Shoe Zone is not the sort of retailer to which City types rush to spend their bonuses, or their regular salaries for that matter.

Shoe Zone is not the sort of retailer to which City types rush to spend their bonuses, or their regular salaries for that matter.

But the footwear specialist hopes the Square Mile will open its wallet to enable a listing on AIM and allow its entrepreneurial owners to realise some of their investment.

Shoe Zone has some strengths. Its value positioning and acquisitions over the years have helped turn it into one of the top 10 players in the market, it is highly cost-conscious and, despite catering for a CDE customer demographic, has created a profitable online business.

However, Shoe Zone does not have a completely unblemished record. Retail Week Knowledge Bank data shows profit volatility over the past few years and the acquisition of Stead & Simpson proved controversial.

Shoe Zone picked up the footwear retailer from administrators in 2008, giving it a middle-market brand to complement its value business. Four years later Tyler Ltd, the Shoe Zone subsidiary that ran Stead & Simpson, was itself put into administration, thereby removing lease obligations.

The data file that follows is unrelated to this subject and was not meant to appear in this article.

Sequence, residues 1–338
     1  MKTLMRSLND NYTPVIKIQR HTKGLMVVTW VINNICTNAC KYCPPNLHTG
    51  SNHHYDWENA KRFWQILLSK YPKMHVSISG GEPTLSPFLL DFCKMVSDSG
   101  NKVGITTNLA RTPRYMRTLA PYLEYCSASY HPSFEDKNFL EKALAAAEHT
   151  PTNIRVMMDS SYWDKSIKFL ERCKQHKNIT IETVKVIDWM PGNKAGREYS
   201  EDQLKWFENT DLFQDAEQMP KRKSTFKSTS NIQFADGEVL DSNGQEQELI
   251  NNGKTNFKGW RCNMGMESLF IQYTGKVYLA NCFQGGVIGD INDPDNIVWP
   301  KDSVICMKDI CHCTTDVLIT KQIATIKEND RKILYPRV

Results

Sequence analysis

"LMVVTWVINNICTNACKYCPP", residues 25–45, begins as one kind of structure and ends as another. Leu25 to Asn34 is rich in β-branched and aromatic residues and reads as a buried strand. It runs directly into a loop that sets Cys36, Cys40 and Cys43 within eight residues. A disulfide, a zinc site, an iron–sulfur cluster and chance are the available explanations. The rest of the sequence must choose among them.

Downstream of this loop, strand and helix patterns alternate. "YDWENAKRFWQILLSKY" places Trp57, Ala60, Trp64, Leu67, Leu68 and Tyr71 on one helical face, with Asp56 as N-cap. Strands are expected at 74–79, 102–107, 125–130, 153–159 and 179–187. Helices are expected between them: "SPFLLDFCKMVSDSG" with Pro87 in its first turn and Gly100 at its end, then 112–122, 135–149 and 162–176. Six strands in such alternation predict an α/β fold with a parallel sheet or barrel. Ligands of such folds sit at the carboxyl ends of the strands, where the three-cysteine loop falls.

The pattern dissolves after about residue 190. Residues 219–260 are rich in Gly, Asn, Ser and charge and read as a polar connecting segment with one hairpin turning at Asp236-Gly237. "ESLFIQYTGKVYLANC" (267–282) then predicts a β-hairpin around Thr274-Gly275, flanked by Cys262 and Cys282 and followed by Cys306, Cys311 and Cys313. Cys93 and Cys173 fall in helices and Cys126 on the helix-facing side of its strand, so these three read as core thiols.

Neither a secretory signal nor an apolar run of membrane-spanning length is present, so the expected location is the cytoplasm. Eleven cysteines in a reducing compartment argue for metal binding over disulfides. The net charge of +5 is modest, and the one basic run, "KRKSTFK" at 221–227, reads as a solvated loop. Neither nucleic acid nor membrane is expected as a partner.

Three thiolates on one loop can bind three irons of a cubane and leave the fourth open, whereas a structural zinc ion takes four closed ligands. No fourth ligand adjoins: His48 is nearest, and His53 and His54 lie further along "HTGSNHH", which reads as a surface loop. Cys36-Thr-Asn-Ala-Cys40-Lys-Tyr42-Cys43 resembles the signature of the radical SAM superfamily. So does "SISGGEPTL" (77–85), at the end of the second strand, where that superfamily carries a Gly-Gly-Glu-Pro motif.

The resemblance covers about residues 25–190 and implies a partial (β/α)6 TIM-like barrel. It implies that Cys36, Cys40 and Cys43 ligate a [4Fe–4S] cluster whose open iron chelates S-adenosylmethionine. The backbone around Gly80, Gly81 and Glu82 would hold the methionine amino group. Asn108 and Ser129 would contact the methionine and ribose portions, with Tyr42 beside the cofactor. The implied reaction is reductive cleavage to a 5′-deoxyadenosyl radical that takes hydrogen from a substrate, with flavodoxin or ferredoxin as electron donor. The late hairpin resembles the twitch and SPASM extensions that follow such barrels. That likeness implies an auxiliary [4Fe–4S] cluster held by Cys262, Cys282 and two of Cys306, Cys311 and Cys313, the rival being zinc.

Shoe Zone is not the only retailer to have had ups and downs in recent years so the question is the extent to which past performance might indicate future prospects.

Morrisons’ core business is still what matters

Morrisons is expected to launch its online business in London later this month, a little earlier than expected.

While the grocer is right to get into ecommerce – and London, where its stores are under-presented, is probably a good opportunity – the fortunes of its fledgling online offer are less significant than those of its core business.

In March the embattled retailer unveiled a new strategy including price cuts designed to fend off fast-growing Aldi and Lidl.

In the end it will be the success or failure of that strategy in the face of what Morrisons described as a structural shift in the grocery market that will make the difference.